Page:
Pending home sales dipped at the end of 2019, with each of the four major regions reporting a drop in sales contract activity. The South saw the biggest plunge in contract signings, the National Association of REALTORS® reported Wednesday.
NAR’s Pending Home Sales Index—a forward-looking indicator based on contract signings—decreased 4.9% in December 2019 compared to the previous month. Still, contract signings were up 4.6% over last year.
Homebuying demand remains high but the limited housing inventory, especially in the lower price ranges, is holding back sales growth, NAR says. “Mortgage rates are expected to hold under 4% for most of 2020, while net job creation will likely exceed two million,” says Lawrence Yun, NAR’s chief economist. But “due to the shortage of affordable homes, home sales growth will only rise by around 3%.”
Home prices aren’t likely to cool, Yun adds. “National median home price growth is in no danger of falling due to inventory shortages and will rise by 4%,” Yun predicts. “The new-home construction market also looks brighter, with housing starts and new-home sales set to rise 6% and 10%, respectively.”
The markets driving the most buyer attention lately tend to be where listing prices hover around $250,000, Yun says. Realtor.com® data shows the most active listings with buyer activity include Fort Wayne, Ind.; Burlington, N.C.; Topeka, Kan.; Pueblo, Colo.; and Columbus, Ohio.
“The state of housing in 2020 will depend on whether home builders bring more affordable homes to the market,” Yun says. “Home prices and even rents are increasing too rapidly, and more inventory would help correct the problem and slow price gains.” Read from NAR’s Real Estate Forecast Summit: 4 Reasons There’s Not Enough Building
RCW 19.27.530 (2009) and Chapter 132 Laws of 2012 (SSB 6472)
Carbon monoxide (CO) is a poisonous gas that cannot be seen or smelled and can kill a person in minutes. Carbon monoxide can quickly build up to unsafe levels in enclosed or semi-enclosed areas. Carbon monoxide killed over 1,000 Washington residents between 1990 and 2005. In the aftermath of the December 2006 windstorm, over 300 people were treated at hospital emergency rooms for CO poisoning and eight people died. Generators in garages, or near air intakes, and use of charcoal or gas grills indoors, are common causes of CO poisoning during power outages. Fuel burning appliances, attached garages, and fireplaces are also sources of CO.
Beginning January 1, 2011, state law required CO alarms to be installed in
all new single family homes and residences, including apartments, condominiums, hotels, and motels.
State law requires CO alarms be installed in
existing apartments, condominiums, hotels, motels and single-family residences by January 1, 2013.
Owner-occupied single-family residences, legally occupied before July 26, 2009, are not required to have CO alarms until they are sold.
The seller is required to equip the residence with CO alarms before any other person legally occupies the home. Substitute Senate Bill 6472 added CO alarms to the Purchase/Sale disclosure form in 2012.
SSB 5561, implemented as RCW 19.27.530, charged the State Building Code Council with adoption of administrative rules (WAC 51-50-0908) to implement the carbon monoxide alarm law and consider exemptions for some building classifications. Sleeping units or dwelling units in new or existing motels, hotels, college dormitories, and DSHS licensed boarding home and residential treatment facilities, which do not themselves contain a fuel-burning appliance, or a fuel-burning fireplace, or have an attached garage, but are located in a building with a fuel-burning appliance, or a fuel-burning fireplace, or an attached garage, need not be provided with CO alarms provided that:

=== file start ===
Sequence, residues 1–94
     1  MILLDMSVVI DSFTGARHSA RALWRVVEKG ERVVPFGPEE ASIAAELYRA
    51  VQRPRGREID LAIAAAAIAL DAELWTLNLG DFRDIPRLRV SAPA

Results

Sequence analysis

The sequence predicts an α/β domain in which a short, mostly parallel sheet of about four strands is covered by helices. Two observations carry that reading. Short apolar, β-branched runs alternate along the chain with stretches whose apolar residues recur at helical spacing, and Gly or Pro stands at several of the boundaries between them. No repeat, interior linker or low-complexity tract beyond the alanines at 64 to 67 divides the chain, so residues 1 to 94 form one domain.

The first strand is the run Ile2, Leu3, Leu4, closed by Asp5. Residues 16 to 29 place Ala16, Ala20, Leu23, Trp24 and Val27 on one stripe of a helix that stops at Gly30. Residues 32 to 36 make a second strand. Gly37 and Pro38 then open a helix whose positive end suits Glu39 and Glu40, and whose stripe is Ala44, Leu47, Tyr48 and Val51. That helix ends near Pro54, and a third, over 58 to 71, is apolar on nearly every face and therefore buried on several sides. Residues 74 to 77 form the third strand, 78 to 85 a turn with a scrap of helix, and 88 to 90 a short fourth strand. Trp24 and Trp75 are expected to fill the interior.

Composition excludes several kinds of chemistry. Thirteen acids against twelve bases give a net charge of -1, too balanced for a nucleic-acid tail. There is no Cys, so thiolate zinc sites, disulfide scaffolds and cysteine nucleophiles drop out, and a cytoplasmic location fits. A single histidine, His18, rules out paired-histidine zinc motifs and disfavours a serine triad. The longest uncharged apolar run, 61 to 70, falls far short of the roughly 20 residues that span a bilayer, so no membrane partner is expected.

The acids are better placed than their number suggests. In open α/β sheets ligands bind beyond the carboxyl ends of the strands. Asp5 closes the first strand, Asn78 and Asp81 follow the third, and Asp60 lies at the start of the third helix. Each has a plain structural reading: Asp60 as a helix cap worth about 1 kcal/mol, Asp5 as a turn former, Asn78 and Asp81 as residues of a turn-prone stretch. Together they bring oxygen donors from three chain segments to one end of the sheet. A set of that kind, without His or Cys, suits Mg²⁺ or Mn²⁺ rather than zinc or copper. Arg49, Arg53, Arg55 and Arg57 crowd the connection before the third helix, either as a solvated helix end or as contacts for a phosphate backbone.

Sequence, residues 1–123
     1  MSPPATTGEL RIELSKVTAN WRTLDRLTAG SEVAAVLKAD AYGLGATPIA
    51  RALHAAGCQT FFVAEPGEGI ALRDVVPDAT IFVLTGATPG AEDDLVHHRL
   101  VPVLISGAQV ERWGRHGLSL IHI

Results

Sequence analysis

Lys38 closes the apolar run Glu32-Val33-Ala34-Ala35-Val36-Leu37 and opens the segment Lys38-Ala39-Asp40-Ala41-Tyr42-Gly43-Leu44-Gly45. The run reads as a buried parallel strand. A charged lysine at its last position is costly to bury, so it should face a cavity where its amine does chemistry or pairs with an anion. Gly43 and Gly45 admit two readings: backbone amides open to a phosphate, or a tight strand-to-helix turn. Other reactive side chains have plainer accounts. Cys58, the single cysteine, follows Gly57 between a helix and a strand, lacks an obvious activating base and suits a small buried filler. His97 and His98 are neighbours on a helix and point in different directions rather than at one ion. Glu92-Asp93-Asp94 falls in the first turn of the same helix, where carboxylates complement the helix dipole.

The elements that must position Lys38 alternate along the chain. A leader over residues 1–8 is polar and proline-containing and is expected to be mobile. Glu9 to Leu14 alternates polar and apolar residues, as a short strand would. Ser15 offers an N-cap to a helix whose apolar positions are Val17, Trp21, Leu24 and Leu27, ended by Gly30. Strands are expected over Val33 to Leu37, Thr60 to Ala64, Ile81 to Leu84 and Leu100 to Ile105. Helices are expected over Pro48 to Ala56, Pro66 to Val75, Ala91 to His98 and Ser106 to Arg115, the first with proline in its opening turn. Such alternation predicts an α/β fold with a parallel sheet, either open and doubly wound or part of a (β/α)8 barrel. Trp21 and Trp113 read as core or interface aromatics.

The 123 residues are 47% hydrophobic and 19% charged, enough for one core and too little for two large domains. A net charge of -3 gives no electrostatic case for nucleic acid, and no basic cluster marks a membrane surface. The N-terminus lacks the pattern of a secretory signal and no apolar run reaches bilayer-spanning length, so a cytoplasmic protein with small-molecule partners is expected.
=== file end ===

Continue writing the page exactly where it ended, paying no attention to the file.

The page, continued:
The sleeping unit or dwelling unit is not adjacent to any room that contains a fuel-burning appliance, a fuel-burning fireplace, or an attached garage; and
The sleeping unit or dwelling unit is not connected by duct work or ventilation shafts with a supply or return register in the same room to any room containing a fuel-burning appliance, a fuel-burning fireplace, or to an attached garage; and
The building has a common area CO alarm system.
Local code officials will check for compliance with the CO alarm installation requirements when a permit is required for new construction and most alterations, repairs or additions.
CO alarm installation requirements
1. Alarms must be located outside of each separate sleeping area, in the immediate vicinity of the bedroom and on each level of the residence.
2. Single station carbon monoxide alarms must be listed as complying with UL 2034, and installed in accordance with the code and the manufacturer’s instructions.
3. Combined CO and smoke alarms are permitted.
For more information
State Building Code Council staff can be reached at 360-407-9279
CO poisoning and prevention – the Department of Health CO web page.
Lummi tribes were the island’s original inhabitants, but it is no longer a part of the Native American
Nations’s lands. Most of the Lummis fled the island to avoid enslavement by aggressive northern tribes
before white settlers arrived in the 1870’s. The forgotten island of the San Juan chain, Lummi is a refuge of
tranquility. Nine miles long and about two miles wide, the mountainous island lies across the mouth
of Bellingham Bay. The population hovers around 1,054. Only the northern half of the island is
inhabitable. Eagles and deer have kept their domain on the steep slopes rising from
Lummi’s southern shores.
I just read The Seattle Times’ article, “Zillow’s Zestimate overvalued a Washington home by 700 percent in a case of “algorithms gone wrong”, and I think you might enjoy it, too. You can read the full article here: